In this part of the review I will focus on the 7-14mm F/2.8 Pro zoom. In Part 1 of the review we looked at the smaller 9-18mm lens. The 7-14 takes everything up a couple notches. Everything about this lens is bigger. Physically larger, heavier, larger front element, huge lens cap, huge quality, huge aperture (relatively in comparison), and huge field of view. The field of view is 102-degrees at 7mm and 63-degrees at 14mm. 102 degrees is ultra wide. This is a 36mm equivalent to 14-28mm.
The lens cap is a large cup like unit that goes over a fixed lens hood. There are no front threads on a lens like this!
You can see how large and exposed the front glass of this lens is. It looks almost like a fisheye…actually it is more bulbous than Olympus’ fisheye.
In these previous two images you can see the bulb actually moves forward and backward as you zoom. The lens itself stays the same size. A word of caution…When storing and handling the lens, keep it zoomed to 14mm so the bulb is retracted into the barrel. This shifts the weight of the lens more towards the center and makes it much more balanced to hold. At 7mm the lens is very front heavy without a body attached. You don’t want to risk dropping a lens like this! I would also make it a habit to keep the lens zoomed to 14mm while not shooting but still out in the field. This moves the bulb into the barrel so it is also protected from accidental bumps or anything touching or scratching it. Be warned!
In this image from left to right we have the 8mm fisheye, the 7-14mm, the 12-40mm, and then the 40-150mm. As you can see the 7-14 is about the same size as the 12-40. It is wider in diameter though so it feels like a heftier lens in hand. Take note of how tiny the fisheye is!
Overall the body of the 7-14 is up to Olympus Pro lens standards all the way around. Weather sealed, metal, focus clutch, lens button, etc… It feels wonderful in use, very smooth, and incredibly solid. All lenses should feel like this!
Olympus has done a remarkable job. This lens is basically a 7-14mm version of the 12-40 Pro. If you know that lens…it’s an unbelievably good lens. Everything is well controlled, distortion is a non-issue, edge quality is fantastic, and fine rendering is excellent. Olympus did it again. Sure, if we nitpick on charts and scientific measurements, we can find incremental differences and the like. Guess what… it doesn’t mean much. I know some people want to ensure they are getting the best lens and compare this lens to that lens, and this system to that system. Toss it all out the window. If you want to use an Olympus camera and want an ultra wide lens that is the best you will get, this is it. We don’t have many other options really at this focal length, but Olympus does not disappoint. I took the lens untested onto several assignments and my clients actually selected many shots made with this lens right along side the best medium format digital equipment. Let’s see some shots.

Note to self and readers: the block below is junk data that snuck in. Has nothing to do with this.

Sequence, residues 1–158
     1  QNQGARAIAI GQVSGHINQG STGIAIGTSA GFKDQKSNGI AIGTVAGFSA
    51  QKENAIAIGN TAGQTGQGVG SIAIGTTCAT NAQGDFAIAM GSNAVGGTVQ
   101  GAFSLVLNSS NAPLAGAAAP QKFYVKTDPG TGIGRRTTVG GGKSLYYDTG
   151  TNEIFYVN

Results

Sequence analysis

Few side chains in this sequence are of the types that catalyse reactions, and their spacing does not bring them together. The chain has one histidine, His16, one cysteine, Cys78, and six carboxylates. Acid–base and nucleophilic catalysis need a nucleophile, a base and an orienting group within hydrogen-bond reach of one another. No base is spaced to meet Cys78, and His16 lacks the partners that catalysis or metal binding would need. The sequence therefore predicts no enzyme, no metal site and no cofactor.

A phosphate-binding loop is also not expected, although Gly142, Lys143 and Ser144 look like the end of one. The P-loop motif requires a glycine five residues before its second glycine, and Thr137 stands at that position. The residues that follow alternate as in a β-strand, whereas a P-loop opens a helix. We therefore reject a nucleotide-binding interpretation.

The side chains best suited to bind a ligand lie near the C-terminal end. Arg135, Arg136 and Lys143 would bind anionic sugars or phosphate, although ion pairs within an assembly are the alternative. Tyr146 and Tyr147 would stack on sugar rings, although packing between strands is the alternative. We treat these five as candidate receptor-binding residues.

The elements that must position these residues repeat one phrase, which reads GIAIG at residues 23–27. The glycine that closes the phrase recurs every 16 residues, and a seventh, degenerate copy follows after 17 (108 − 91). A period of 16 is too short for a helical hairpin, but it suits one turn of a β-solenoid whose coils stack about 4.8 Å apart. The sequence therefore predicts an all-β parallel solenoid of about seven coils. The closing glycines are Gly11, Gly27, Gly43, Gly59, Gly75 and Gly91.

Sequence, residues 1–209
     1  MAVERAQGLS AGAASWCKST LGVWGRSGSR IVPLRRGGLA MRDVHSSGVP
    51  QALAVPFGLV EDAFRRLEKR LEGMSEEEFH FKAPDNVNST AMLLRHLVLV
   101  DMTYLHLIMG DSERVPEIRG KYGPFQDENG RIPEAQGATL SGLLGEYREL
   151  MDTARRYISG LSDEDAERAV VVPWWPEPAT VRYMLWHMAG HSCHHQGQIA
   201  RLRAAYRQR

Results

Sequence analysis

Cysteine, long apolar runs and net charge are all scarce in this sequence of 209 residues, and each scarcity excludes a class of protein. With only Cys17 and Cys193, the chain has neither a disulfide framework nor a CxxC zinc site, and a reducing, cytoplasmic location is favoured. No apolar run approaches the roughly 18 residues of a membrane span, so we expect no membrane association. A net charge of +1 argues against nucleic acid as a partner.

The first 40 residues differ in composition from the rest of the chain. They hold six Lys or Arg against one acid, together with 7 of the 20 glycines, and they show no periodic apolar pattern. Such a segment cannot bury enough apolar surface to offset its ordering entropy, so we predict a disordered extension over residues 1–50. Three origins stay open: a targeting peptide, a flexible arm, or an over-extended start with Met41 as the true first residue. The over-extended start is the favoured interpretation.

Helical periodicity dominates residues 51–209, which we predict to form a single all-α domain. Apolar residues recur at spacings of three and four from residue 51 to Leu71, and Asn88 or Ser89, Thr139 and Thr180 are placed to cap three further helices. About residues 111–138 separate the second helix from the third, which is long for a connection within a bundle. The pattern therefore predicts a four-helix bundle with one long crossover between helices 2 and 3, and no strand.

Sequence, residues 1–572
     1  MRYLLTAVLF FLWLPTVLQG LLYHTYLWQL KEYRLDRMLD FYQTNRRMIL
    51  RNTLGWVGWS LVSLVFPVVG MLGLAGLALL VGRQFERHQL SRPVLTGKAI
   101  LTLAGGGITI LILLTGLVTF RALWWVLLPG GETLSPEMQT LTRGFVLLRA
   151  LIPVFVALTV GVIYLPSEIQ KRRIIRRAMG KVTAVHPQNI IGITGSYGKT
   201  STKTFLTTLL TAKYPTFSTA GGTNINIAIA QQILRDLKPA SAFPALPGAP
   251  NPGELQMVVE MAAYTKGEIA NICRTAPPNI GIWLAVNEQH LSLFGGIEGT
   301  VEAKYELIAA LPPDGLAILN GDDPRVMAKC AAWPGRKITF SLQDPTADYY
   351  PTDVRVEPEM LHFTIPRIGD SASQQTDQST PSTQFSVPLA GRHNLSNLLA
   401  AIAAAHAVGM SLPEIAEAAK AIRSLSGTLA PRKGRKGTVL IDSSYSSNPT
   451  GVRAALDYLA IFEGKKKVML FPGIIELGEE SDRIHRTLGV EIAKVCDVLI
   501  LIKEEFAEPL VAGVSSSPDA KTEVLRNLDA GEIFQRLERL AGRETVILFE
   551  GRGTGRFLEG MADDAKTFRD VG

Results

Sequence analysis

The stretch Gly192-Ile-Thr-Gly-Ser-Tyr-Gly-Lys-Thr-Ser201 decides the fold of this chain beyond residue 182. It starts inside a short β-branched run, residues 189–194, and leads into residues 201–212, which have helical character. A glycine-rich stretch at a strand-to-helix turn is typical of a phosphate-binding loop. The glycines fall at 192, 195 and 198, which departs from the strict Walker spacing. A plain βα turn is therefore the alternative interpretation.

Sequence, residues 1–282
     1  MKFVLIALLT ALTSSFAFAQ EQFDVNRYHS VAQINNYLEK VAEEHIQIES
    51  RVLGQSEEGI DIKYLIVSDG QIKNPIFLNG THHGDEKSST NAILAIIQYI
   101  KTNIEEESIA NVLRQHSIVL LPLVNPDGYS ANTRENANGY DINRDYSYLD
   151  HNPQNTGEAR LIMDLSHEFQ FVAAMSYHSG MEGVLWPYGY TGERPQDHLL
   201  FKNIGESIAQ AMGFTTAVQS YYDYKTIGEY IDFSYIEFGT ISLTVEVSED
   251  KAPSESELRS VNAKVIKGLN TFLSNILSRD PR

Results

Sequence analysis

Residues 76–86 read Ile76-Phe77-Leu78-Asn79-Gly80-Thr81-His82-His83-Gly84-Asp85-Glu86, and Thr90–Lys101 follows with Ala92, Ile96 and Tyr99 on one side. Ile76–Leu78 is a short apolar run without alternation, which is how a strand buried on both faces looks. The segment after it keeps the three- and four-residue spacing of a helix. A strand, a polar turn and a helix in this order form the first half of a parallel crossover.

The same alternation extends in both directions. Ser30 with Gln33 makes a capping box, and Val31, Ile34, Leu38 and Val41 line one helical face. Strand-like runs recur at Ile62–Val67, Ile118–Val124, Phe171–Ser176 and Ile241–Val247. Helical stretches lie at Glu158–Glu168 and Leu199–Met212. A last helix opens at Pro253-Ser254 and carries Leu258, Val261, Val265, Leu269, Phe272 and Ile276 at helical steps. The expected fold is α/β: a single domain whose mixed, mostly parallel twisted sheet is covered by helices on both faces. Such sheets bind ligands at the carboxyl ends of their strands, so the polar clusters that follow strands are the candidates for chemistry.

Both of these interiors are wide. However, they are also slightly cropped and perspective corrected since the lens does not shift. I wanted to show something vast in the scene so I used this lens. However, for architectural images that need to be straight, I had to correct perspective and keystoning. For architecture, this lens is impressive. As an architectural photographer I much prefer perspective control and shifting on the back or the lens. There is no lens this wide that shifts, so this is our only option. Both images have a creative toning done, it might not be your taste but see past that to the rendering and ability. On the second image I was able to capture the eerie light of another room leaking in and frame the main room with the ceiling.
This image has a little bit of halation around the lights, but I am point right at them. This is also an HDR image made from three exposures. Honestly pretty good. This shot is not cropped either, so the wide angle distortion from close perspective in the corners is actually pretty nice on this shot. Nothing looks unnatural to me.
Wide lenses are great for unique perspectives. This shot was straight up towards a chandelier. The woodwork and framing all turns into a very unique play on lines when seen at this focal length.